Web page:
Trends in semen parameters in the northeast of Scotland

Sreebala Sripada, Sofia Fonseca, Amanda Lee, Kirsten Harrild, Dimitrios Giannaris, Eileen Margaret Mathers, Siladitya Bhattacharya

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38 Citations (Scopus)

Abstract

The data on trends in semen quality are conflicting and sensitive to geographical variations. Although previous British surveys on semen quality indicate a decline, the northeast of Scotland has never been included in these surveys. This is an area with low out migration rates where andrology services for a population of 500 000 are centralized within a single laboratory, thus providing a unique opportunity to study population-based trends in semen quality over time. We investigated trends in semen parameters between 1994-2005, in a cohort of 4832 men attending for routine semen analysis at the Aberdeen Fertility Centre who had a Sperm density of greater than 20 million per mL. The main outcome measures were trends in sperm density, sperm motility and motile density in the first semen sample. Linear regression and time series analysis were used to examine trends over time in the semen parameters. The mean and standard deviation (SD) age of all men (n = 5204) in the study was 34 (6) years. The median (inter quartile range) for sperm density and motile density for the study population were 61 (40-91) million/mL and 99 (47-181) millon. The mean (SD) sperm motility was 49 (19)%. Among 4832 men (with sperm count > 20 million per mL), data adjusted for age and period of abstinence showed a decreasing trend for sperm density over time, R-2 = 0.45 (P = .017). There was no such trend in sperm motility and motile density. However, this trend has to be interpreted with caution due to fluctuations in semen parameters, population bias and the retrospective nature of the analysis.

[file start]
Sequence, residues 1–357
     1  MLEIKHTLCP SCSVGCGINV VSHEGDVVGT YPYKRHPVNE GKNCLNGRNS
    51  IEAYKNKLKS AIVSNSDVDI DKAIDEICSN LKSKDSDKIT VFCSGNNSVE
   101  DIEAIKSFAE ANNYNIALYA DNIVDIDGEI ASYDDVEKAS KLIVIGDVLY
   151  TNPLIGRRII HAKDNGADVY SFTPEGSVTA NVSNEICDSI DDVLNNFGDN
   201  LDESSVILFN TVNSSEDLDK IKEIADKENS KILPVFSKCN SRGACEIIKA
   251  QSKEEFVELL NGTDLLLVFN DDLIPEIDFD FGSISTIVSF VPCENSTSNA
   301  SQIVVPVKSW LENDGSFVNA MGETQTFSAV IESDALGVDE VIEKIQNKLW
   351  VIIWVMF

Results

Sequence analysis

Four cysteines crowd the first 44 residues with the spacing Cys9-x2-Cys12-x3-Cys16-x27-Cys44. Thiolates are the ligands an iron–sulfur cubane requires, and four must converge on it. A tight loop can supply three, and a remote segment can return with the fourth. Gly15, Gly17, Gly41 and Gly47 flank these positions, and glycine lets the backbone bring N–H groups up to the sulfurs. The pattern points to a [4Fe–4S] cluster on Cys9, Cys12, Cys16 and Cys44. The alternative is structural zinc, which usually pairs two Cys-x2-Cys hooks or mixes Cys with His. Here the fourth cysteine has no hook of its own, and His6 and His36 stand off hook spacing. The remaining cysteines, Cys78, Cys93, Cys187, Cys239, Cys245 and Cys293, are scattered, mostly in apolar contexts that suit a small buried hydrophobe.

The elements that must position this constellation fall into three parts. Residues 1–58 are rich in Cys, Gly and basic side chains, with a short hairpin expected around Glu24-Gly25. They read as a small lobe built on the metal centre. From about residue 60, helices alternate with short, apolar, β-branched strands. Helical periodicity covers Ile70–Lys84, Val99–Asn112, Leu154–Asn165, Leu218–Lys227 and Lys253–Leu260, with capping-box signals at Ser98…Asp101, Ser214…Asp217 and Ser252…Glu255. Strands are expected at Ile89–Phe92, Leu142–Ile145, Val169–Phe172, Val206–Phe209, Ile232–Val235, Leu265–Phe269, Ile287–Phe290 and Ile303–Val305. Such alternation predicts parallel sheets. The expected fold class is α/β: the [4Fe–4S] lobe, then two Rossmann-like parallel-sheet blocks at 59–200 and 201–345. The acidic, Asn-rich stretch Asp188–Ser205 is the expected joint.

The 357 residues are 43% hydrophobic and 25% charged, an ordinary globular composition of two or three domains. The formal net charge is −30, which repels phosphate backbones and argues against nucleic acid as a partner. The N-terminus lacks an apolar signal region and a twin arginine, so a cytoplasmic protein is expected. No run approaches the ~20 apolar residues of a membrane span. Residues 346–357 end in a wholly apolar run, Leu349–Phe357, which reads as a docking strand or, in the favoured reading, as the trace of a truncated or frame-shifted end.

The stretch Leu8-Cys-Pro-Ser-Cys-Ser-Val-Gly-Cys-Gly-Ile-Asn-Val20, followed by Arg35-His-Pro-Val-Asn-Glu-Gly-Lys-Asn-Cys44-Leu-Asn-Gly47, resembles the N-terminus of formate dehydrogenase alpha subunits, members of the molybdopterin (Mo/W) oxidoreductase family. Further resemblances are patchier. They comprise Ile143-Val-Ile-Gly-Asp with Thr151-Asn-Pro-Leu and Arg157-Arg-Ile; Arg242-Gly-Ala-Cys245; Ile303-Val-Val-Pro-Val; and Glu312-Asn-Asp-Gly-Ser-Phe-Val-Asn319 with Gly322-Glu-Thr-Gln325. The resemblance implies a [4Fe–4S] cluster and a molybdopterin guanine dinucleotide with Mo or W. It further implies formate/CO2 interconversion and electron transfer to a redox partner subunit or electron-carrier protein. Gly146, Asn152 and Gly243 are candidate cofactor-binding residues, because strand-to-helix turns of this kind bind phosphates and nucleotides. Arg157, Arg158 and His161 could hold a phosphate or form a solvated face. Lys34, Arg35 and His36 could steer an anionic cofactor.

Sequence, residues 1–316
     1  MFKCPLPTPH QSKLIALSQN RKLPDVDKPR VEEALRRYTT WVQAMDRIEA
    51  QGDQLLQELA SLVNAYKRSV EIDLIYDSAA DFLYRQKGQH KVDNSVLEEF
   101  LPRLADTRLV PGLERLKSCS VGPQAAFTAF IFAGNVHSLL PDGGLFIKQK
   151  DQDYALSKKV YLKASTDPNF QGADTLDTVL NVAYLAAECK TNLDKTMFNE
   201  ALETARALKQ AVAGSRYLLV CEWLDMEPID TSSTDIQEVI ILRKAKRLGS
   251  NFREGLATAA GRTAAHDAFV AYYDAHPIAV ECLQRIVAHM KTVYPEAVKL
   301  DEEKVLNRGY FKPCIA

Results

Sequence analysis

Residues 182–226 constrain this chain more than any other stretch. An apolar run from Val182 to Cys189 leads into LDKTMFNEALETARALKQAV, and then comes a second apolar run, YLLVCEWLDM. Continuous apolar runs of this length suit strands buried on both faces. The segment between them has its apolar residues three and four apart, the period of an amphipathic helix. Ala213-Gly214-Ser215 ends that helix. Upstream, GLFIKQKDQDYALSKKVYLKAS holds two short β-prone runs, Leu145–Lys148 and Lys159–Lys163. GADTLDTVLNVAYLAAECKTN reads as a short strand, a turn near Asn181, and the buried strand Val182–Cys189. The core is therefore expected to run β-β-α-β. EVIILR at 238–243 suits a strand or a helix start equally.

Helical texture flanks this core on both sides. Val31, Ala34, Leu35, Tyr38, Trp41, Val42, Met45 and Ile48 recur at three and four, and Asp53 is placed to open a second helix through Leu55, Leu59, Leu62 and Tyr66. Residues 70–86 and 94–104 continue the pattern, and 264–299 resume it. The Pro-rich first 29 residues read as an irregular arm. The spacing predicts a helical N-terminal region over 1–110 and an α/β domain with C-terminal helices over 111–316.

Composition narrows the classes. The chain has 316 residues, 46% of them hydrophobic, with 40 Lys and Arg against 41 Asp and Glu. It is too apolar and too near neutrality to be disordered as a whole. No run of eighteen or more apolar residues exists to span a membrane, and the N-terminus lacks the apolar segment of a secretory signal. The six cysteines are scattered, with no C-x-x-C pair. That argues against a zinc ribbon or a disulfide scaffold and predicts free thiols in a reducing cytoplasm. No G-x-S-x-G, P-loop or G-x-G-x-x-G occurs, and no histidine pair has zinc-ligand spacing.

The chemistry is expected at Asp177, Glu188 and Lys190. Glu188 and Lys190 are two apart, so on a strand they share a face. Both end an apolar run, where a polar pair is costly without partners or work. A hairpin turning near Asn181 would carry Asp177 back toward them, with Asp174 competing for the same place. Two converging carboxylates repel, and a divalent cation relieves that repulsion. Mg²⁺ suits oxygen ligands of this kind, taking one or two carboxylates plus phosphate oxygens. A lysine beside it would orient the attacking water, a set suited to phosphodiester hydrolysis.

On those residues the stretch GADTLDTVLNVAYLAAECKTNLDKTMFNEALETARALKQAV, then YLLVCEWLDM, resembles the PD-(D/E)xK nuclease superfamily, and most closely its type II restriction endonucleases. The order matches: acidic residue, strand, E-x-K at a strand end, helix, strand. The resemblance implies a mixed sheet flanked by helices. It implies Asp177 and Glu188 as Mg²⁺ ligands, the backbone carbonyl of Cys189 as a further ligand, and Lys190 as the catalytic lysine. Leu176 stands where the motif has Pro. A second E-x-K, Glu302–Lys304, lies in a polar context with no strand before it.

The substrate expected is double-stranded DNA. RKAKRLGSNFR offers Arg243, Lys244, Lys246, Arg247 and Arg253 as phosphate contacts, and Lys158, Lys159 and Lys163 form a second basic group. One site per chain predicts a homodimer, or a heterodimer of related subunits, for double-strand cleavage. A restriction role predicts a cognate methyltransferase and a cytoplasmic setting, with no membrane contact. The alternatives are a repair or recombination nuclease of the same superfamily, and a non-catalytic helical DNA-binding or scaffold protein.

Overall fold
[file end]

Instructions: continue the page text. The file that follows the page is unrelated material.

Original languageEnglish
Pages (from-to)313-319
Number of pages7
JournalJournal of Andrology
Volume28
Issue number2
Early online date1 Nov 2006
DOIs
Publication statusPublished - Mar 2007

Keywords

  • fertility
  • infertility
  • sperm
  • sperm counts
  • fertile men
  • Danish men
  • regional differences
  • testicular cancer
  • birth cohort
  • no decline
  • quality
  • pregnancy
  • exposure

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